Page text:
The all new
CBS News App for Android® for iPad® for iPhone®
Fully redesigned. Featuring CBSN, 24/7 live news. Get the App

Flight attendant who allegedly left cocaine at LAX arrested in NYC

A traveler pulls his bags while walking past an LAX sign at Los Angeles International Airport on November 1, 2013 in Los Angeles, California.


LOS ANGELES -- A JetBlue flight attendant who authorities said left behind nearly 70 pounds of cocaine after flinging off her Gucci heels and running from security at Los Angeles International Airport has been arrested in New York.

Marsha Gay Reynolds surrendered to federal authorities Wednesday at John F. Kennedy International Airport, though it wasn't immediately clear how she reached New York, federal officials said.

Reynolds was expected to be in federal court in Brooklyn on Thursday, charged with cocaine possession with intent to distribute, according to U.S. Attorney's spokesman Thom Mrozek.

On Friday, Reynolds arrived at an LAX checkpoint in Terminal 4 wearing jeans, heels and a black suit jacket, carrying her "known crew member badge," according to an FBI affidavit. It wasn't immediately clear whether she was on duty at the time.

When Reynolds was chosen for a random security screening, TSA Officer Jamie Samuel said the flight attendant became nervous and began looking around before pulling out her cellphone and making a call, according to the affidavit.

Samuel reported that Reynolds was talking on the phone in a foreign language as she was being taken to a secondary screening area, the affidavit says. Once in the secondary screening area, TSA Officer Charles James asked for her identification.

"At this time, Reynolds dropped her carry-on luggage, removed her shoes and began to run away," according to the affidavit. James saw Reynolds run down an upward-moving escalator and out of the terminal, the affidavit says, adding that the officer didn't pursue her because her abandoned luggage was his main concern.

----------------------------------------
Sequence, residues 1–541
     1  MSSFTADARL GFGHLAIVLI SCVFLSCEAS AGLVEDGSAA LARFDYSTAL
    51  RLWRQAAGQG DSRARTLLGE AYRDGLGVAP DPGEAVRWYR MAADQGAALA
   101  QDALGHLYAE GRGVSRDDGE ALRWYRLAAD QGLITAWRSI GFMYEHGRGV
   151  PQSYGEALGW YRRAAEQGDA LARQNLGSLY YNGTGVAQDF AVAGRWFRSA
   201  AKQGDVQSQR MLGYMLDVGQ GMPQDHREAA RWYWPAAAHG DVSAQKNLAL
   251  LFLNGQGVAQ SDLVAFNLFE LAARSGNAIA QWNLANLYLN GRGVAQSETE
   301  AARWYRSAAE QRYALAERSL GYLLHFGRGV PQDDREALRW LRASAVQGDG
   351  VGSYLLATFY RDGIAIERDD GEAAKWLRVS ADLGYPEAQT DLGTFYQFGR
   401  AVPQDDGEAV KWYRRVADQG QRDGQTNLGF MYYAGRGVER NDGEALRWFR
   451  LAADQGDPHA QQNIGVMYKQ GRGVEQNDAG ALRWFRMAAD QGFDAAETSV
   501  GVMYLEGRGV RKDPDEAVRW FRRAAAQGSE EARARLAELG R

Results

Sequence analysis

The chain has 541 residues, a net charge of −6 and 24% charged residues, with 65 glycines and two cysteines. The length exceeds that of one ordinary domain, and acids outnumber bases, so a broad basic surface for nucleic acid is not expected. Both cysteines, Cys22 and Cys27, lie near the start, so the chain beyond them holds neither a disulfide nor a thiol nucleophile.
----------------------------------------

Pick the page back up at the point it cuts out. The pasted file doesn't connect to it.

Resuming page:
LAX police soon after found 11 packages of cocaine wrapped in green cellophane and labeled, "BIG Ranch" inside one of the bags Reynolds had left behind, the affidavit says. The cocaine weighed just over 68 pounds.

Wholesale, the drugs would be worth about $750,000 in Los Angeles, said Special Agent Timothy Massino, a spokesman for the U.S. Drug Enforcement Administration. On the streets of Los Angeles, Massino said the retail value of the cocaine could be as high as $3 million.

It was unclear if Reynolds had an attorney.

"Our nation's security depends on every individual with security clearances to honor the trust placed in them," said United States Attorney Eileen M. Decker in a statement. "The defendant's conduct violated that trust and, in the process, exposed the public to a major narcotics transaction and the dangers inherent to such a transaction."

Marshall McClain, president of the union representing LAX airport police officers, expressed concern Monday that officers were alerted about the unattended bag but not a suspicious person running through the airport. He said the case also shows why all flight attendants and other airport employees need to be screened.

"With her bringing this amount of narcotics in the airport, chances are this wasn't her first time through," said McClain, head of the Los Angeles Airport Peace Officers Association. "We're hoping this is a wake-up call to airport management as well as federal legislators."

Security threats from "insiders" -- airline and airport employees, as well as workers hired by contractors -- have been a focus of the TSA, particularly after the December 2014 arrest of several Delta Air Lines baggage handlers. Prosecutors allege they smuggled guns, including an AK-47, from Atlanta to New York.

Federal authorities said last year that they busted a marijuana smuggling ring at Oakland International Airport, with arrests including baggage handlers. A separate arrest in December involved a TSA worker accused of allowing drug runners to pass their bags through X-ray machines without being stopped.

Four former baggage handlers at San Diego's airport were sentenced in September in a drug-smuggling case.

The TSA has said that full screening of all employees would cost too much. Instead, the agency has urged airports to increase random screenings of workers and to keep background checks up to date.

"We will pay particular attention to the insider threat," TSA Administrator Peter Neffenger told a Senate committee earlier this month.